Japan Today



Local governments seek solutions to fixing mangled English


"You really ought to laugh, but you can't," begins the article in Yukan Fuji (May 16). The topic is the English translations of the contents of local governments' home pages and signage on the streets. Which, it points out, are full of incorrect translations or non-idiomatic expressions. 

For foreign residents and visitors, of course, this is nothing new. Since the 19th century, mirthful examples of bungled English have been observed in the Land of Wa. Including whoppers like "We play for MacArthur's erection." Or the sign posted above a urinal that read, "To stop drip, turn cock to right." 

Yukan Fuji isn't laughing. It starts off with these four examples of mangled English: "No Entrance Bicycles," and follows this with "refuse stock," "book manager" and this mystifying expression, "doctor ryo engine." The correct English should read: No bicycles allowed; discarded waste; general manager; and medical facility. 

The need for accurate English is all the more essential due to the current pandemic, when understanding can literally mean the difference between life or death. 

A woman identified as Patricia Hayashi, who belongs to the committee of foreign residents in Urayasu, Chiba Prefecture, remarks, "The first materials posted on the city's home page regarding what to do if one develops symptoms of the coronavirus were incomprehensible." 

While it's not always easy to determine which is which, the two underlying causes of Urayasu's erroneous English appear to be use of computer translation and arbitrary translations by city employees. Neither, needless to say, are subjected to checks by native speakers -- and hence the confusion.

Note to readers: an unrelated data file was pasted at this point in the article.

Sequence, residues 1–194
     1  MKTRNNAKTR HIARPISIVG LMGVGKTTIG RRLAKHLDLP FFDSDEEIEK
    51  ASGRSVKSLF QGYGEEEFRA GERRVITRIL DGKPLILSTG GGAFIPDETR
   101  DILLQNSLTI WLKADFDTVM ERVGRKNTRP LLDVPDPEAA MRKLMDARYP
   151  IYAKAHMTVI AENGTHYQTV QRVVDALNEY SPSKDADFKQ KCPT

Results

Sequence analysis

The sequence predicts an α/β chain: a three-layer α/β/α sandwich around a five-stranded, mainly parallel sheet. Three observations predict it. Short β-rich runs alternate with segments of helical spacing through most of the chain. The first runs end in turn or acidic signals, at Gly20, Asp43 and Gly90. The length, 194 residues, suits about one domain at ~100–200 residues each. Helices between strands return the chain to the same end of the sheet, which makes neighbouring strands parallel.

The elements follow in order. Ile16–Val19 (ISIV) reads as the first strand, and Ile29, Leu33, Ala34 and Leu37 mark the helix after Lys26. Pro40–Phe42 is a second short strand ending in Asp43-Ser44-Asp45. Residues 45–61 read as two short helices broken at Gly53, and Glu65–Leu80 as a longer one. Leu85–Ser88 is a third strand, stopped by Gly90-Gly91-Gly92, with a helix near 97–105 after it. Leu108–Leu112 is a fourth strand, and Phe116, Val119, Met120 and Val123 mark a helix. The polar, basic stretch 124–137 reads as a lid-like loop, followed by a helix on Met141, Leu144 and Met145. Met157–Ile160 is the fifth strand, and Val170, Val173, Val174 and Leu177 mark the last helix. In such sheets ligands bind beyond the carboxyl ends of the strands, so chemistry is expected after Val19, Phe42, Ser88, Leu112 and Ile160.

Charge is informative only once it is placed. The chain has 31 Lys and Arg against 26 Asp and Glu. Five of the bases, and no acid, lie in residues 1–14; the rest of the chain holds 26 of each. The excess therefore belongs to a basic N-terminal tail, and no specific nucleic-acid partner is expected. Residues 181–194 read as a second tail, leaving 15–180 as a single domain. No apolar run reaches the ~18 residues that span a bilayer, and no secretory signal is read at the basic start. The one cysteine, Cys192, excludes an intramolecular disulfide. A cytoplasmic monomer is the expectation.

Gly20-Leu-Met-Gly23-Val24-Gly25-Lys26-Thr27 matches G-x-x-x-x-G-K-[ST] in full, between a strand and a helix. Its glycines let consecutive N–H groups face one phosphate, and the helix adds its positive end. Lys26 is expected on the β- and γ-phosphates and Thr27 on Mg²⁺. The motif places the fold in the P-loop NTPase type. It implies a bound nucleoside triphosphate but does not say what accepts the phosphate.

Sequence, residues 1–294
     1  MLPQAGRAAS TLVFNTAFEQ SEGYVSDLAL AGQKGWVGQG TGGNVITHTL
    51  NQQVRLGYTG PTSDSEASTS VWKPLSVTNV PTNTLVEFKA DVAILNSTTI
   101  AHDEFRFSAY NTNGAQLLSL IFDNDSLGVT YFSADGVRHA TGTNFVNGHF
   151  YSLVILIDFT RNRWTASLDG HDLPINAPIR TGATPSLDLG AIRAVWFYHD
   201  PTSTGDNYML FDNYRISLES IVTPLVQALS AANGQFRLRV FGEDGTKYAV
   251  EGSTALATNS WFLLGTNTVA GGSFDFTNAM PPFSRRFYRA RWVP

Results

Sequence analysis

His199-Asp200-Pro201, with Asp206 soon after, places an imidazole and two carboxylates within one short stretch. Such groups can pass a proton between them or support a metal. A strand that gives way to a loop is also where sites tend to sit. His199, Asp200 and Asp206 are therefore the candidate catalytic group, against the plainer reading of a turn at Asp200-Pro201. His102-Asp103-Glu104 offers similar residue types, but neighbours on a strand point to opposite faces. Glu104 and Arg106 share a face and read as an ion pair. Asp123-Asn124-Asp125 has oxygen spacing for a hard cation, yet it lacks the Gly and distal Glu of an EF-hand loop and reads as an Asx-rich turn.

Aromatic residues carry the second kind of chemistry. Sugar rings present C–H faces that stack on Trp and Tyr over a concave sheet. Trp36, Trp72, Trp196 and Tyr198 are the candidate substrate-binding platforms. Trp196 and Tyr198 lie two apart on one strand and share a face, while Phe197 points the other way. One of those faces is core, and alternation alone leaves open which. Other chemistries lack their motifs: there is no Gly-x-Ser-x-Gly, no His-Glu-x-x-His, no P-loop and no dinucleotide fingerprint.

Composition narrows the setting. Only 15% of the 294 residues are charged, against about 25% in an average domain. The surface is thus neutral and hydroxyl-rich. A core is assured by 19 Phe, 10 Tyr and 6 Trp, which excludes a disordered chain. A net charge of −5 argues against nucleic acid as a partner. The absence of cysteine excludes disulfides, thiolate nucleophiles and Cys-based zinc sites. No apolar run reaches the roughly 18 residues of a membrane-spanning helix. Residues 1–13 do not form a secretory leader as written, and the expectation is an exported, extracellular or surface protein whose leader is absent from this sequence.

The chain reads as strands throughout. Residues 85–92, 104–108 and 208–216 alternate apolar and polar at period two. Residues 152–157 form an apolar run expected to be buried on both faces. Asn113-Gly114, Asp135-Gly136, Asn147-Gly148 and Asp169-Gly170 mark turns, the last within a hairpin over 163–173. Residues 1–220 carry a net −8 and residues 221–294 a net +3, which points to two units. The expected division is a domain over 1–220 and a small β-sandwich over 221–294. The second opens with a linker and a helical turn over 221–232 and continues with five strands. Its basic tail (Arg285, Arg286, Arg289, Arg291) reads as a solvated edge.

Fortunately efforts are now under way to remedy the situation. Last November, Masayo Shiroki, holder of an MBA degree from New York's Columbia University, and former chair of the Urayasu International Friendship Association, and the aforementioned Hayashi, set up a working group to review English translations. 

After reviewing 53 examples of translations, they determined about 70% were simply incorrect, and only two of the 53 required no corrections at all.

Shiroki was quoted as saying she was not opposed to computer translation outright, "because a lot of labor is required to translate everything." But workers have not put into place a system by which errors can be avoided. 

Another problem is that particularly in Japanese, the language of the bureaucracy tends to be repetitive and packed with vague and specialized terms, posing added challenges for both human and machine translation. 

This resulted in the city bringing in native English speakers to conduct periodic checks, as well as others who, during disasters, could produce materials in "easy Japanese." 

It has also been observed that the home page operated by Kobe City relied upon machine translation from Japanese to Chinese, which among other problems led to incorrect conversions of kanji characters, even for the names of the city's ward offices. At least as far as urgent measures such as tackling the coronavirus pandemic, action was taken to bring in skilled translators, and pages were produced individually for each foreign language.